While SDIRAs remain attractive for those looking to invest in real estate. They are not for everyone. People can fully control their investments when they use a SDIRA. However, not all investors want to shoulder that responsibility.
Some investors would simply prefer to “set it and forget it” simply by having a money manager steering their investments. In which case, an SDIRA is usually not the right option for them. These investors are usually aware that their portfolio is overwhelmingly invested in stock-market related equities. With this they understand that there is inherent risk associated with the market’s volatility.
For people who can stomach that risk and who want to take a hands-off approach to their investments. Working with a traditional financial advisor might be the right approach.
Using an SDIRA, an investor can self-direct retirement funds into alternative investments such as real estate.
On the other hand, those looking to take greater control over their retirement accounts, particularly for those looking to diversify into alternative asset classes like real estate, an SDIRA is certainly worth considering.
SDIRA is not an all-or-nothing approach
Investing in an SDIRA does not need to be an all-or-nothing approach. Someone can keep a portion—even a majority—of their funds invested in traditional stocks, bonds and equities. People might choose to transfer only a portion of their money into an SDIRA for investing in alternative assets. Additionally, they could choose to roll their entire account into an SDIRA, keeping most of their current holdings as-is, while liquidating just a fraction to invest in real estate. By moving funds into an SDIRA now, it provides the investor with the flexibility to invest in alternative assets if and when he or she feels comfortable doing so.
What is a Self-Directed IRA?
From a legal standpoint, a self-directed Individual Retirement Account (IRA) is not different from any other IRA. The term “self-directed” simply indicates that you choose your IRA’s investments and that you don’t limit yourself to the packaged products available at traditional IRA custodians. Most brokerage houses and banks tend to offer self-directed IRAs that are within their own product/service portfolio, so you are somewhat limited if you do business with a specific bank or brokerage company.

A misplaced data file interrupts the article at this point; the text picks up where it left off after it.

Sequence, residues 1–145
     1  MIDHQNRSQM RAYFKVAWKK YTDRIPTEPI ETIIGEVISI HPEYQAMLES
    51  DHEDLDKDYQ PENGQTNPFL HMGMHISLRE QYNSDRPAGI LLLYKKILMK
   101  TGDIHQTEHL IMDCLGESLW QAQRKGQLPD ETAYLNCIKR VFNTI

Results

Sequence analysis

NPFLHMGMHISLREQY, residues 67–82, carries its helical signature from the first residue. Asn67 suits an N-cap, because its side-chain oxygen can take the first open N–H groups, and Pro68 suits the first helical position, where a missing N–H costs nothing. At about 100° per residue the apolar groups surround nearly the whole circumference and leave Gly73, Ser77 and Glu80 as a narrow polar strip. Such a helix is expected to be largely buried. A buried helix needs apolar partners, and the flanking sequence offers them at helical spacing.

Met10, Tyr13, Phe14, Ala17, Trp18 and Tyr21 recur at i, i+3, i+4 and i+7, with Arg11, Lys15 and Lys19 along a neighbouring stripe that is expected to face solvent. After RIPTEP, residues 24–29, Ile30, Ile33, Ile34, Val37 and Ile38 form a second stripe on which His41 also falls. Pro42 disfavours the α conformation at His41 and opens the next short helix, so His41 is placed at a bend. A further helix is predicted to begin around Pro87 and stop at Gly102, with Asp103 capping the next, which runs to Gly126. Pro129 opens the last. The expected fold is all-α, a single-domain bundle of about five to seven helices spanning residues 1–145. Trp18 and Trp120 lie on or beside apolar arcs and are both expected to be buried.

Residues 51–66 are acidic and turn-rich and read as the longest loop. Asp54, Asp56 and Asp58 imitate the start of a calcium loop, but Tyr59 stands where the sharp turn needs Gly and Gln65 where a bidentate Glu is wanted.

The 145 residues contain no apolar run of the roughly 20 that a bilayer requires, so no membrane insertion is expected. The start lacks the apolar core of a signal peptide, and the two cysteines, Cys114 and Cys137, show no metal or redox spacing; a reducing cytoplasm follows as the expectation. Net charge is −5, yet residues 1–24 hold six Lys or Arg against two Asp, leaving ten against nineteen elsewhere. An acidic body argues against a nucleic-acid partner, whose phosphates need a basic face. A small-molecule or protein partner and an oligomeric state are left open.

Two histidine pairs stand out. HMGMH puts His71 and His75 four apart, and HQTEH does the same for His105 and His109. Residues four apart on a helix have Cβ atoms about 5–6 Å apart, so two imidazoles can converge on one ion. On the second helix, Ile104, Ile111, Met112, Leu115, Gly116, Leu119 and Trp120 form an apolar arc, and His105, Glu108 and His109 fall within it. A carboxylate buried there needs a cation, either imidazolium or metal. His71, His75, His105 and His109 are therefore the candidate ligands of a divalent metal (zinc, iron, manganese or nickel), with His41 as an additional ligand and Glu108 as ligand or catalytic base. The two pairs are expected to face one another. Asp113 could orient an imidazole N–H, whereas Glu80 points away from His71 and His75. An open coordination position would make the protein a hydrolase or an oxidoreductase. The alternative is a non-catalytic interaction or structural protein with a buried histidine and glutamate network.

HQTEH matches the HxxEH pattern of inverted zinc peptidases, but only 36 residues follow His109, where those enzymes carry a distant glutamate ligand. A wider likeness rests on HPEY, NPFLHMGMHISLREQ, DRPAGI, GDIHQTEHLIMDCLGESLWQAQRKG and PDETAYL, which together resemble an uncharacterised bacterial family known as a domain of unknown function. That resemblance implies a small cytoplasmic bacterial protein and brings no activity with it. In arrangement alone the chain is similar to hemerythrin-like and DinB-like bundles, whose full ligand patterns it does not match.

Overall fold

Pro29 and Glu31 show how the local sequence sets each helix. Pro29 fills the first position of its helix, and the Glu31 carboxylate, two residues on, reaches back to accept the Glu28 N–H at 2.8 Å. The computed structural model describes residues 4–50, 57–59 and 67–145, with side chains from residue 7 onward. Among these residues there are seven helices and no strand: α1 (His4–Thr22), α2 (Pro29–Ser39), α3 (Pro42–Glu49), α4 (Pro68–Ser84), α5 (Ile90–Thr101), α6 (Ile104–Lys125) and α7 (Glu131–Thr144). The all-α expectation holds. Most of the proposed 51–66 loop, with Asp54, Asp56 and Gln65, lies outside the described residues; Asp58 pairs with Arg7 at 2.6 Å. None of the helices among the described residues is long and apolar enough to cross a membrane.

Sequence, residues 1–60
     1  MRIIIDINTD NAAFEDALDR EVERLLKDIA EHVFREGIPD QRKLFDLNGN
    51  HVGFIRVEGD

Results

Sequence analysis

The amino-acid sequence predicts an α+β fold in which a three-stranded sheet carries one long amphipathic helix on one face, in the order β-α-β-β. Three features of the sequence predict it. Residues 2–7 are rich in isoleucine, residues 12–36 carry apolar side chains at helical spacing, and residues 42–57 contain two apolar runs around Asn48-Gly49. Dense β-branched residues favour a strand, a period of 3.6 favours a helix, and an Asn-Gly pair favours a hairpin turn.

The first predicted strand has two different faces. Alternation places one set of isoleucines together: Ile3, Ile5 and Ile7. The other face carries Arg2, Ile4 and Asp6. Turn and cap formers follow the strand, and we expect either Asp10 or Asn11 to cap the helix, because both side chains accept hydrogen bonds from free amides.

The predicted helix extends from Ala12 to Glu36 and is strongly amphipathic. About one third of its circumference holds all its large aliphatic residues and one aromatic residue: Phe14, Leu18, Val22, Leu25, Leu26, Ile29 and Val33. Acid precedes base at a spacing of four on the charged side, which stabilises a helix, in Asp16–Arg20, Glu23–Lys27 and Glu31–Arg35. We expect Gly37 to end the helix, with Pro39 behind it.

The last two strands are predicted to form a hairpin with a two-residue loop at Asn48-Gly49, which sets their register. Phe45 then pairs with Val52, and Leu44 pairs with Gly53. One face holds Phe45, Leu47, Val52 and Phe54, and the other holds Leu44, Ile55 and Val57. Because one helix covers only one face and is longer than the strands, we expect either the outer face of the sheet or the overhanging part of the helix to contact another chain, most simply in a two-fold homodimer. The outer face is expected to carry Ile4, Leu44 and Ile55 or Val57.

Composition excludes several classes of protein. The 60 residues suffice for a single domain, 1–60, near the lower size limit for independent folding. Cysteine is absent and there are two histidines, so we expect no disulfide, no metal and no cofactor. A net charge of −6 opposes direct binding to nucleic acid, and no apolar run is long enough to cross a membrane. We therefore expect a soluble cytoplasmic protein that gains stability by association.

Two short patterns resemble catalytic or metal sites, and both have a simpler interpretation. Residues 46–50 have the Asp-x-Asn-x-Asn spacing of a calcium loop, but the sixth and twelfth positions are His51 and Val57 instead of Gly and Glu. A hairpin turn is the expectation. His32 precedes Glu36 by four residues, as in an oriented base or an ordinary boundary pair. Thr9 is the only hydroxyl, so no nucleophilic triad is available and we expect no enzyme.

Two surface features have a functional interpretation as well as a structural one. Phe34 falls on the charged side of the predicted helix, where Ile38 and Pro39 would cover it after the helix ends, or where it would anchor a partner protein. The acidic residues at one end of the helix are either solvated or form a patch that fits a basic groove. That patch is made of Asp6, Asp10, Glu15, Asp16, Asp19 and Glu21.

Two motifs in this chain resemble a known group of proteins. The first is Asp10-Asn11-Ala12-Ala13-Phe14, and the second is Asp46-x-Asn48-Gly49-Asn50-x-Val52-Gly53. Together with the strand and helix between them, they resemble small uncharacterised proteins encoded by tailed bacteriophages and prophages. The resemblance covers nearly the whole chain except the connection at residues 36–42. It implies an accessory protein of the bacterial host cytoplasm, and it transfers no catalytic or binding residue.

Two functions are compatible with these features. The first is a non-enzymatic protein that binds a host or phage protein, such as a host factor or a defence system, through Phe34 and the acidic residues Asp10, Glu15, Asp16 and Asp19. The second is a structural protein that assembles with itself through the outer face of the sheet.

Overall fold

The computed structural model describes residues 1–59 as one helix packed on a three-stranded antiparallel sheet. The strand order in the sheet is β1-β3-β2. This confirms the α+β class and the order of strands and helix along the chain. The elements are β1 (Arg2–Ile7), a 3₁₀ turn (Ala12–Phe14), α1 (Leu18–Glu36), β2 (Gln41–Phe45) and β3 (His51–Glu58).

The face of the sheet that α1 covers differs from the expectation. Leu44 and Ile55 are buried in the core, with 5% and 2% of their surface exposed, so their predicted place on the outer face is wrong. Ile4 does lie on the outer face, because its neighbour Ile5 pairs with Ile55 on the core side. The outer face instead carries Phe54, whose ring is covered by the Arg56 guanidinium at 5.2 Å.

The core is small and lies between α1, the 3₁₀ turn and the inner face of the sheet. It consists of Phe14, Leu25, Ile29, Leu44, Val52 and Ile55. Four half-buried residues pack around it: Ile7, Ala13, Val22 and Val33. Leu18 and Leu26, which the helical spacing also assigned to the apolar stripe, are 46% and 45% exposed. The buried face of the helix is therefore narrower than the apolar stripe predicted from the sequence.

How do I buy real estate with my IRA?
The professionals at Smartland can assist you in transferring your existing retirement account to a bank that allows self-directed IRAs. Then we work with you to find a property that you would like as an investment. When you decide on a property, you make an offer and purchase it. Instead of mutual funds and stocks, you can have real estate as an investment and diversify your portfolio.
What type of return on investment (ROI ) can I expect?
There are no guaranteed returns, and there is risk involved in any type of investment. But generally, we don’t present an opportunity unless it projects at least a nine percent return per year.
Can I roll over my IRA into real estate?
Yes. The IRS allows you to invest your IRA in real estate. However, if your present IRA custodian does not allow real estate investments in your IRA, you can set up a self-directed IRA with a custodian that does allow real estate investments. Then, simply transfer your IRA funds to your new self-directed IRA and begin investing in real estate.
Can I use property that I purchase?
Property you purchase within your IRA cannot be used for a personal benefit while it is in your IRA. IRS Publication 590 specifically prohibits personal use of any IRA investment. However, you can purchase property now, manage it as a pure investment property within your IRA, and then convert it for personal use once you start taking distributions from your retirement account. For specific rules and guidelines, please consult a CPA who is knowledgeable on self-directed IRAs.
Does the establishment of a self-directed IRA replace my current 401(k) and will I lose my employer match?
No. The self-directed IRA you set up can be an addition to your 401(k); it does not have to replace your 401(k). You can still contribute as much as you can. Or you can simply contribute as much as you need to get the full company match and then transfer funds into your new self-directed account when the time is right.
What kind of real estate can I own in my IRA?
Your IRA can buy raw land, commercial property, residential rental property, and options on real estate. You can also make loans, such as first and second mortgages secured by real estate.
If I buy rental property with my IRA, can I manage it?
Yes and no. You can perform managerial functions for your property, much the same way you would for any other asset (e.g. making decisions to buy and sell, acquiring legal advice, etc.). This could include making decisions as to whom to rent, what plumber to contract with, or what builder to choose when you add a porch. However, you should not build a porch yourself, or put on a new roof, etc., or, in general, add any material value to your property through your interaction with it. If discovered, the IRS would consider such “sweat equity” activities illegal contributions to your IRA.
Are the gains on income taxable from IRA real estate investments?
No, in most cases. If an IRA buys investment real estate and then sells it at a profit, all income generated while it was held in the IRA, and all the gains resulting from the sale, will be either tax-deferred (regular IRA or tax-free [Roth IRA]), if the purchases were all cash with IRA funds. If the IRA borrows to finance the purchase, the portion financed may be subject to income and capital gains taxes. A discussion with a tax professional is highly recommended in these situations.
How can I take funds out of my IRA to buy real estate without paying taxes and penalties?
That’s simple. You don’t take funds out. You buy real estate just like you would buy a stock or mutual fund in your IRA. Buying real estate is just a purchase of a different type of investment. The mechanics of execution are also different because the completion of a real estate transaction takes place in many steps. This process may take 30 to 60 days to complete. Through Smartland, you will have access to professionals who will make the process simple.